Holiday Jeers to Online Scammers

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The Copyright Alliance wants to help shoppers avoid getting a Trojan Horse as a holiday present this year. In its 2018 edition of tips for making sure holiday shoppers are getting copyright-protected gifts, the alliance wants to ensure consumers don’t mistake those flashing red signals for Christmas tree lights and are able to read the signs when it comes to pirated goods masquerading as the real thing.

With the holiday season hard upon us, marked by Black Friday and Cyber Monday, The Wire provides this “digital caveat emptor” public service message by way of the alliance.

Don’t buy unopened or apparently unused goods at flea markets, as they are almost certainly knockoffs. Blurry type and images or spelling errors on packaging are another dead giveaway.

But while those are pretty obvious tells, alliance president Keith Kupferschmid said pirate websites have become increasingly savvy about posing as legitimate sites with the apparent genuine article.

So, if a price is too good to be true on software, movies, music, etc., it probably is.

The tips are not just about protecting copyright holders. The Wire suspects some who purchase pirated products are not so tech-unsavvy, but rather just looking the other way while hoping to get a good deal. (We’re sure none of The Wire’s readers fall into that category.)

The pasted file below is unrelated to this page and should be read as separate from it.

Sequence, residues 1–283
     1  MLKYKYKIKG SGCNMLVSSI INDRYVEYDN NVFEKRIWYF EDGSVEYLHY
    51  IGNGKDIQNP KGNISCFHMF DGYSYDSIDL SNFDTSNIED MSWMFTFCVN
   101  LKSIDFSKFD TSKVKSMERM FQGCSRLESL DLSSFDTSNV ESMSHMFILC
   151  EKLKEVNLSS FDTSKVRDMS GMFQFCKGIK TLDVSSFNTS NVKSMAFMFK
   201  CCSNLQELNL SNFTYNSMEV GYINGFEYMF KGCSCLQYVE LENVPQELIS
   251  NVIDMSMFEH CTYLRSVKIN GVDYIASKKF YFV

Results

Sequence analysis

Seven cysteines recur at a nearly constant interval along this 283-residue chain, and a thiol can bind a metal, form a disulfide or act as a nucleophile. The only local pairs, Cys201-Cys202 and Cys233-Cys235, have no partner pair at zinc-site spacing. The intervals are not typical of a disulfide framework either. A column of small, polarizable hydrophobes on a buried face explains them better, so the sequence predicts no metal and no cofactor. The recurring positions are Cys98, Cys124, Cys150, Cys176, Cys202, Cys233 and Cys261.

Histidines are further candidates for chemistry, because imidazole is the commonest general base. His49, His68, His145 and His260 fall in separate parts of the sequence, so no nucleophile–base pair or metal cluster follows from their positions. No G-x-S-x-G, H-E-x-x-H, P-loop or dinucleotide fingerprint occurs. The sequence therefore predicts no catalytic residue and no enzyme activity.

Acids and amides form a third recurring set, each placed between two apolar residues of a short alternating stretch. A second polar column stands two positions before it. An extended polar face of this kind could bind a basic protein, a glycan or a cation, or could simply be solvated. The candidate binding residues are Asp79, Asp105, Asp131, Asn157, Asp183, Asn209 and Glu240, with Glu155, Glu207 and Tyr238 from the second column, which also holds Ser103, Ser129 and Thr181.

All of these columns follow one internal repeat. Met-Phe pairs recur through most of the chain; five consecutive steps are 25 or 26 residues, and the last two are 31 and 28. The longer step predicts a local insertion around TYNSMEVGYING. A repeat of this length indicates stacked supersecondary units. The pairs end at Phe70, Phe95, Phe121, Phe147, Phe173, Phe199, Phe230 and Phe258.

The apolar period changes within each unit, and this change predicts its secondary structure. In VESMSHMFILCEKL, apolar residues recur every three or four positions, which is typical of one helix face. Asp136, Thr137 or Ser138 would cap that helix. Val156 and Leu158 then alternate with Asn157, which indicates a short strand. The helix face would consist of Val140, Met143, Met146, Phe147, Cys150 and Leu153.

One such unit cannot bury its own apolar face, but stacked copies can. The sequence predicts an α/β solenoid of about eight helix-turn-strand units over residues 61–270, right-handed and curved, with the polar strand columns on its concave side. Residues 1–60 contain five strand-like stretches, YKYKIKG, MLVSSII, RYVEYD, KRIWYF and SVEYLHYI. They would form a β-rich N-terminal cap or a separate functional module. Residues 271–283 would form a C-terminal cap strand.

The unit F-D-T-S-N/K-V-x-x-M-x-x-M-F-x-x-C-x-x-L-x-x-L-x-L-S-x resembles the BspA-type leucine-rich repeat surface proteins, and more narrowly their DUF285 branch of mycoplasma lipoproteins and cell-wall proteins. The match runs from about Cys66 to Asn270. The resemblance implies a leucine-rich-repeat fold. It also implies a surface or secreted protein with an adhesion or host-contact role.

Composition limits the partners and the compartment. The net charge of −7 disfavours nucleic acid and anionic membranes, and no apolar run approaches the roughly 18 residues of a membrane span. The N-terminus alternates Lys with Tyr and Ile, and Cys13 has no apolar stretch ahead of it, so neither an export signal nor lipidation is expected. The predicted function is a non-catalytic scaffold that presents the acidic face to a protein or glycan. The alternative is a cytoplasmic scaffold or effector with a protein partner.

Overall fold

Knockoffs, though, are likely to be of inferior quality, and then there is the possibility of that knockoff electronic interconnected pony being that Trojan Horse.

The alliance says there is a definite link between content theft sites and malware. For example, its “Digital Bait” report — a study of 800 sites distributing stolen TV shows and movies — found that fully one-third of them contained malware, with 45% of them so-called drive-by-downloads. We’re not talking about Santa dropping some presents down the chimney on the fly. Rather, those are sites that download malware to a user’s computer even if they don’t click on any links.

Bottom line, the alliance said, the best way to avoid buying an illegal product online is to buy from a reputable online retail store (or the brick-and-mortar version, for a tad more exercise), or to purchase directly from a copyright owner’s website and, when in doubt, check it out before you buy.

For anyone looking for a gift for The Wire, a presidential insult flak jacket is fashionable in journalistic circles this season.